Pedro Ferriz de Con (one of the most influential voices in Mexico’s radio airwaves) and I rarely see eye-to-eye on a number of issues. However, the dire need for a more efficient Mexican Congress seems to place us on somewhat common paths.
For about a year now, Ferriz de Con has been rallying support for his “intellectual revolution,” a movement mostly focused on eliminating party-list proportional representation in the Mexican Congress. His plight gained public support in late 2009 and early 2010 when the Juanitas scandal was unveiled.
For those who have forgotten or did not hear about this, the Juanitas scandal refers to a series of women who ran for Congress last year (through direct and proportional election) only to fill gender equality quotas and then cede their seats to their husbands, siblings and other contacts (all male) soon after. They were called Juanitas as a reference to Rafael Acosta Ángeles “Juanito,” another pseudo politician who ran for representation of the Iztapalapa delegation in Mexico City under the promise that he would give this position to Clara Brugada after the elections. The difference was that the Juanitas did not make their intentions to resign public until after the elections.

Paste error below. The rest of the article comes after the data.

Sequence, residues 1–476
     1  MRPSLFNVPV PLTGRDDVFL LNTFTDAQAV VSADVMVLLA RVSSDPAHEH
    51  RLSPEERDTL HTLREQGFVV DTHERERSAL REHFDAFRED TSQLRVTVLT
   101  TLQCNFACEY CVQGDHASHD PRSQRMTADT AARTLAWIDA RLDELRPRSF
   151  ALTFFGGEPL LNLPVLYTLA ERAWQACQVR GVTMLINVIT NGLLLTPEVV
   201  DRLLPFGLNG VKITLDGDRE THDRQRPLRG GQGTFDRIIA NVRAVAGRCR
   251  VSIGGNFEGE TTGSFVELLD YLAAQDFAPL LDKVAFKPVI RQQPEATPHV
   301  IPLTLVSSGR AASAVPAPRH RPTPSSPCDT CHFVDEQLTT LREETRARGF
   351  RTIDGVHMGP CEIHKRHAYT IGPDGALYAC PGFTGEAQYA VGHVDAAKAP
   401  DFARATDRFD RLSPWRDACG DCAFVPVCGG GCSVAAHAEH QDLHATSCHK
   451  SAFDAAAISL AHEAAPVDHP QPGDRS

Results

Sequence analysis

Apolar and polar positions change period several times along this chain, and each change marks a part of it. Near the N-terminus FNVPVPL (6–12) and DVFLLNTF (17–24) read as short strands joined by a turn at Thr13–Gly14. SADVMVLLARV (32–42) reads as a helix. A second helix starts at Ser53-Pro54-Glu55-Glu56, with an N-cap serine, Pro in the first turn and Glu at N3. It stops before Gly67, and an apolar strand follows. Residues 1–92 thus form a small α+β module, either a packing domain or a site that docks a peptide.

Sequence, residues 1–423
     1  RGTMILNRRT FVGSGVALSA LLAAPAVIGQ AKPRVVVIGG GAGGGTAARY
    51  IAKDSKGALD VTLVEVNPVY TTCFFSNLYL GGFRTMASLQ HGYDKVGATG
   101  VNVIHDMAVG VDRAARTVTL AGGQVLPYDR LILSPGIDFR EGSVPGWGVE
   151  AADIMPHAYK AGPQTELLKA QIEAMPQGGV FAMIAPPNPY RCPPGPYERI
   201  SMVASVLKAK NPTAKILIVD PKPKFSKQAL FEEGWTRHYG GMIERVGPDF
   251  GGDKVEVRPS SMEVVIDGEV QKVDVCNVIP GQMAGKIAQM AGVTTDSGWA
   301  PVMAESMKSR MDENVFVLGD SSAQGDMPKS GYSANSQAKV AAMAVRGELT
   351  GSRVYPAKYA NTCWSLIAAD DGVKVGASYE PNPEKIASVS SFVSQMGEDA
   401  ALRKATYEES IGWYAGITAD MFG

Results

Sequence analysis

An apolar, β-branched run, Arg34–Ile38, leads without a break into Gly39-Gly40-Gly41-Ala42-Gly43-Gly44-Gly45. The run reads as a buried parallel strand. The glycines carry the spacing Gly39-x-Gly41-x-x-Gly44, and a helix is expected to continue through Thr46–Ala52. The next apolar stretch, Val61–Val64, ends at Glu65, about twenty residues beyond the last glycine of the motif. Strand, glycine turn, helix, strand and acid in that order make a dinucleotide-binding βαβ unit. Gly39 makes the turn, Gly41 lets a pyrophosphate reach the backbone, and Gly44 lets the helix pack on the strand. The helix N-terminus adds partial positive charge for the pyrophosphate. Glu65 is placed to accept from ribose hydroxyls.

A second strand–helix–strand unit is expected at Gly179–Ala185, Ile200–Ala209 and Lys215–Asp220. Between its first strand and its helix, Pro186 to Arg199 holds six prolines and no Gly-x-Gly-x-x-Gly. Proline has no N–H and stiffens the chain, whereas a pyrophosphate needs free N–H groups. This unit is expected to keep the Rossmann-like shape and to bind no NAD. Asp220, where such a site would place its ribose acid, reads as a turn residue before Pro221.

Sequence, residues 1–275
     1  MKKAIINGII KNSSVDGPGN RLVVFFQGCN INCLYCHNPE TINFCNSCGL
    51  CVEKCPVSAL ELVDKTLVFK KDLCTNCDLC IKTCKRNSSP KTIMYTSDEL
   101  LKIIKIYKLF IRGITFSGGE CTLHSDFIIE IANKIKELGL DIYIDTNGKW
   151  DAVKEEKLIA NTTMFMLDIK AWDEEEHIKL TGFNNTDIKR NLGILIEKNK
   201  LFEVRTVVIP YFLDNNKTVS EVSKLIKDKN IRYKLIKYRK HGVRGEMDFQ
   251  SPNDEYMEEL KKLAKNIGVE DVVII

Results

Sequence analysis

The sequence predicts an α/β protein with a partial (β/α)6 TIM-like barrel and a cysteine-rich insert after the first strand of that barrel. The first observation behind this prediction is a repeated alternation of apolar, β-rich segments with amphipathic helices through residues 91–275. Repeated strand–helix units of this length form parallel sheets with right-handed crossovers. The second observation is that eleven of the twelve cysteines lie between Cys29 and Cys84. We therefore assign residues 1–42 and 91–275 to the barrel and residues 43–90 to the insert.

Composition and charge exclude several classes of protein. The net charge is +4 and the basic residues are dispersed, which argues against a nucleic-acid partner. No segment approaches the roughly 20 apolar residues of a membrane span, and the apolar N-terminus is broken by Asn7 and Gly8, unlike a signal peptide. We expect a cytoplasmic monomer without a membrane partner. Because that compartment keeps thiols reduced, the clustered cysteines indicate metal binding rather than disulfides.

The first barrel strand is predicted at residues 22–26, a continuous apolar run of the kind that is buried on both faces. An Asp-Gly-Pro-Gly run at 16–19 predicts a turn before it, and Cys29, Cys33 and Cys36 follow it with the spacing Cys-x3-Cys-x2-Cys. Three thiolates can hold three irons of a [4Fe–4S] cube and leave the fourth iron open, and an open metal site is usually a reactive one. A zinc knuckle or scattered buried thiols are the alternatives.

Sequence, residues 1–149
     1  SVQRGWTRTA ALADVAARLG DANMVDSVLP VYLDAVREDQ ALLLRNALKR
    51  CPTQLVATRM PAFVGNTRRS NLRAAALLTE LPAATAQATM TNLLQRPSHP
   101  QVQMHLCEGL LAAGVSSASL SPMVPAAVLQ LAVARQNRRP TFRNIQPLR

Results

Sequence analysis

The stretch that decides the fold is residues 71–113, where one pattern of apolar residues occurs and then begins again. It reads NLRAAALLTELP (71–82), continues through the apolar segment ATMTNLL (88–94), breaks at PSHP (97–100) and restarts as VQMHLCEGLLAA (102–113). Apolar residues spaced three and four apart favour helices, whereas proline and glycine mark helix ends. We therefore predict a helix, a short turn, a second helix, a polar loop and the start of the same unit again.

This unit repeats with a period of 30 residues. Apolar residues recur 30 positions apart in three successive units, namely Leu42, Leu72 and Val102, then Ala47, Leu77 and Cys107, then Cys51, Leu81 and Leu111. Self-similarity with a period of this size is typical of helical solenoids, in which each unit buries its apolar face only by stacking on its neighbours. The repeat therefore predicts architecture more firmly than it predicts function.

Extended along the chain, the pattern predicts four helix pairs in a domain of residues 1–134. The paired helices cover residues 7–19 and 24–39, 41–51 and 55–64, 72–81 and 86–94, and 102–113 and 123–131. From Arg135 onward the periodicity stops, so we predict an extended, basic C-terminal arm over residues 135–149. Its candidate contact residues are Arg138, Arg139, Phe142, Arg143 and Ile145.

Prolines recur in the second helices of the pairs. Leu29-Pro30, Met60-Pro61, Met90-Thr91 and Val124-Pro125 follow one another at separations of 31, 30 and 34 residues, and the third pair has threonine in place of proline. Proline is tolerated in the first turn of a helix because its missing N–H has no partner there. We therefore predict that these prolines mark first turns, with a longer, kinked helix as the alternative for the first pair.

The Juanito and the Juanitas incidents were embarrassing moments in our political history. For a moment, civil society protested by supporting Ferriz de Con’s intentions to oppose proportional representation and inefficient government. But soon after, people went back to their daily obligations and forgot about these diputada replacements who nobody voted for and who shamefully continue to legislate in today’s Congress.